Transformation Strategy

Avenue Consulting Group is often called in when the development pattern of a company deviates substantially from normal. These tend to be difficult assignments, often carried out under severe time pressure, for example if the client organization is in serious financial difficulties, or feels that it would miss an exceptional opportunity if the consultant takes too much time over the analysis or in helping to identify candidates for a merger or an acquisition. These assignments usually involve radical and deep changes in most activity sectors of the firm and strongly affect its management. Examples are mergers and acquisitions, turnarounds, large-scale outsourcing, divestment, downsizing, changes in ownership structures, and privatization of state-owned companies, all pursuing the objective of making the company more competitive, profitable and effective.

Company transformation takes many forms and has many banners – turnarounds, revitalization, mergers and acquisitions, outsourcing, etc. – and covers a wide variety of changes. It could be the deliberate modification of formal relationships among organizational components, or redesign of work processes, or delayering and elimination of structural elements through outsourcing, spinning off, selling off, and divesting businesses.

Transformation could also include downsizing or re-engineering, but in itself it is a much broader and more inclusive concept. It can include the modification of financial structures (share repurchases, reducing debt/equity ratios, and issuing new shares), market structures (changing product/service portfolio), technological structures(automation), production structures, and organizational structure, and also delocalization (transferring production units to lower-cost locations). It could cover changing the portfolio of existing businesses (selling off unproductive divisions or activities and entering new businesses through acquisition or internal growth, rationalization or spin-offs). Restructuring even goes beyond the confines of the organization itself to embrace other elements of the value chain; it can dramatically affect the organizations of suppliers, customers and other business partners and corporate stakeholders. But in almost every case the basic goal remains the same: fundamentally to transform the ways of conducting business in order to cope with a new, more challenging and more complex environment.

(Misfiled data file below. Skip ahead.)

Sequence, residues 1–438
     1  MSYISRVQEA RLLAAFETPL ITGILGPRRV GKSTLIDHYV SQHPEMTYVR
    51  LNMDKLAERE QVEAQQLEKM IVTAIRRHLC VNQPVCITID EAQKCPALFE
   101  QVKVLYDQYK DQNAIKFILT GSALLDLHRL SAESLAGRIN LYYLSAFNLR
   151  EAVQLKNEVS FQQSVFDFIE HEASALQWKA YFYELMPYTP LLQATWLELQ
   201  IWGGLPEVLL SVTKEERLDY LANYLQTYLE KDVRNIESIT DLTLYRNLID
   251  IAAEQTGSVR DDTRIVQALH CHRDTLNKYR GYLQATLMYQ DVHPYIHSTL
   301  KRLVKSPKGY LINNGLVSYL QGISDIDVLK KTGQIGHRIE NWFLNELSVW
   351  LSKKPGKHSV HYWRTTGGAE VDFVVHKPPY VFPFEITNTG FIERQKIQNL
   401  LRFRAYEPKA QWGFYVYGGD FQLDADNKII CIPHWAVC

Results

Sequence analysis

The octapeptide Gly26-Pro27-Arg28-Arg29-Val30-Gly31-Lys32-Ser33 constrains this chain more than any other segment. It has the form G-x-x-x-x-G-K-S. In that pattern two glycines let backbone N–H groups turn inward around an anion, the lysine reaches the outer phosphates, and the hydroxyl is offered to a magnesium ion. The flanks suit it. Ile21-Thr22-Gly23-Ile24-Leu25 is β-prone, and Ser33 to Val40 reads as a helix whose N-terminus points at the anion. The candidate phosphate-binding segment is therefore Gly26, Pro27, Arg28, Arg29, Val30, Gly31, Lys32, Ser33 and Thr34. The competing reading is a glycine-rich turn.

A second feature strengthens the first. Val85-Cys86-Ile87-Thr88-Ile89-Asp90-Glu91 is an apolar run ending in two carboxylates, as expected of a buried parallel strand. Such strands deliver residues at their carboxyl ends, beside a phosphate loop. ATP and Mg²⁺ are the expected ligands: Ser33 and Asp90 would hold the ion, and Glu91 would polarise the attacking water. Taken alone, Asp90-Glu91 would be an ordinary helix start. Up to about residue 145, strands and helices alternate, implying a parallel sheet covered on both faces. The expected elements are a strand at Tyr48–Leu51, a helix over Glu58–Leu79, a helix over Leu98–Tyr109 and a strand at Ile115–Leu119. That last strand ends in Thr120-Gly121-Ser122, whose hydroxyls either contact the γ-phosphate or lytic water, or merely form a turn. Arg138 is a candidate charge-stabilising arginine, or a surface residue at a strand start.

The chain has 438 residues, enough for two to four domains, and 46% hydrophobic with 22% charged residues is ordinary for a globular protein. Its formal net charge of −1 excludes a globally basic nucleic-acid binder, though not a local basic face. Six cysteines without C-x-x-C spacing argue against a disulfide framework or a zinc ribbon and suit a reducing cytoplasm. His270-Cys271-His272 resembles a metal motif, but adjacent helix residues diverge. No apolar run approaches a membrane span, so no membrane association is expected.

Transformation may be viewed as a three-stage process following a sequence of


-Revitalization, and


Restructuringis especially relevant to underperforming firms. The transformation process in these firms often starts with a major downsizing, pruning the product or service portfolio, and overhauling structures and management processes, which help to redefine the firm’s vision and redesign its strategic and core competencies. At the end of this stage, the firm reaches a minimum threshold of profitability that allows it to survive, but this is not enough to restore competitiveness. The focus in the second stage, revitalization, is on improving the firm’s growth and profitability. The effort may include identifying new business opportunities and competencies, as well as strategic alliances to access these opportunities and competencies with the help of others. The third and final stage comes to embody the aspects of both restructuring and revitalization at the same time.

Experience with organizational transformation during the past 15 years has taught us some important lessons. First of all, transformation is not just about reducing costs, improving profitability, or re-engineering. It is also about people and their concerns; it is reinventing strategies and management processes and must involve the whole organization as a social organism. It must be driven by new ideas, new concepts and a shared perception of opportunities.

Karen Martirosyan

Partner, Head of Strategic Management Advisory Services


Phone: 00374 99 75 10 00

Karen has more than 19 years of professional experience in different positions, but he is strategic management consultant by his nature. Karen’s academic background and professional experience enable him to provide consulting services from large to small businesses, governments and international development organizations on strategic development and planning, financial management and planning, corporate finance, start-up consulting, marketing and export promotion, comprehensive researches and market analysis and etc. He applies his knowledge and skills in different assignments for corporate and state clients in a number of sectors of economy. Know-how transfer and knowledge sharing is his most valued principles during his work.


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